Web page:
It is a life-long dream of most small-town people to leave their rural lives for big-cities.
Rarely do such people return to their roots to become conduits of that same dream for other people. But that is exactly what Maria Pietersen has done.
Pietersen left Okombahe Village, a small town in the Erongo Region in 1996 to pursue her teaching career at the Windhoek College of Education, now known as the Unam Khomasdal Campus.
After many years away from home, she requested for a transfer to go to Okombahe Primary School in her village from Swakopmund Primary School, which she was granted in February this year.
This was the opportunity she had been looking for to plough back into her community.
Okombahe is a settlement in Namibia’s Erongo Region and serves as the capital of the Damara-speaking community.
The Dibasen Junior Secondary School is situated at the village.
“I felt a burning desire to return to my roots and inspire learners. I wanted to uplift the quality of teaching with my big-city experience and exposure to different cultures,” she submits, adding, she finds it interesting she currently teaches at the same school where she completed her primary education.
Although the school follows the normal syllabus, she has since taught her learners several topics related to general knowledge because they are very unfamiliar with life outside their small village. The school has over 700 children, 25 for whom she is responsible.
She teaches pre-primary children between the ages of five to six years of age.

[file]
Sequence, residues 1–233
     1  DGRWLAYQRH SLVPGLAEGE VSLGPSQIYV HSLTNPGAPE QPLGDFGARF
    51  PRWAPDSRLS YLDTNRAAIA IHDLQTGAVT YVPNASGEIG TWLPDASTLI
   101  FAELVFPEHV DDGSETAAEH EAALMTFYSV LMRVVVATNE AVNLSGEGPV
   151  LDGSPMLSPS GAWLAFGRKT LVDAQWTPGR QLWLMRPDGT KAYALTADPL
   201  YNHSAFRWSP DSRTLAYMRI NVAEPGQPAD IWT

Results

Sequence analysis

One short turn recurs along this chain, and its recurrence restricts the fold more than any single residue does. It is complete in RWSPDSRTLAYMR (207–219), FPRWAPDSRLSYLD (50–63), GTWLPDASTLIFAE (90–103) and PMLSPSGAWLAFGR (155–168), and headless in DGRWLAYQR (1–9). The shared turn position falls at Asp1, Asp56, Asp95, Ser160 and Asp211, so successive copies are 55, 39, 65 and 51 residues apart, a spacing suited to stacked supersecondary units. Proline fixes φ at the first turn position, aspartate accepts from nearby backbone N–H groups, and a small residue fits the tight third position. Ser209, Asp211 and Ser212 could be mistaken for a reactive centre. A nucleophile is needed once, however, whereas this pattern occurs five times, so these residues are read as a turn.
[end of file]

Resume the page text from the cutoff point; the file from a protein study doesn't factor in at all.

“One of my young learners once asked me if it was possible for her to see the people speaking inside ‘the box’ while listening to a radio,” she exclaims, adding, not only does she desire to be a role model for her students, she would also like to expose them to the world outside.
Pietersen, therefore, hopes her plan to bring her learners to the Windhoek Show next month pushes through. She plans to take two classes of up to 50 underprivileged children, aged five and six on the trip to expose them to modern life.
Apart from the game rides and exhibitions to learn how several pieces of equipment work, they will also visit the main museum, the Parliament and a radio station to see how radio technology works, as well as a local newsroom.
Although the learners are excited about their first ever trip outside their village, she says her efforts to raise funds for it have not been entirely fruitful.
“We recently had a beauty contest at the Damara Cultural Festival in our town to raise funds for the trip. We, in fact, plan to make this contest an annual event. Unfortunately, we only raised part of the money, because people here depend mainly on livestock for income, which has been hampered by the ongoing drought.
I hope a Good Samaritan comes to our aid,” she says.
According to her, most of the learners are either orphans who live with their already burdened grandparents or come from extremely low income households and their enthusiasm in their studies inspires her to do more for them in future.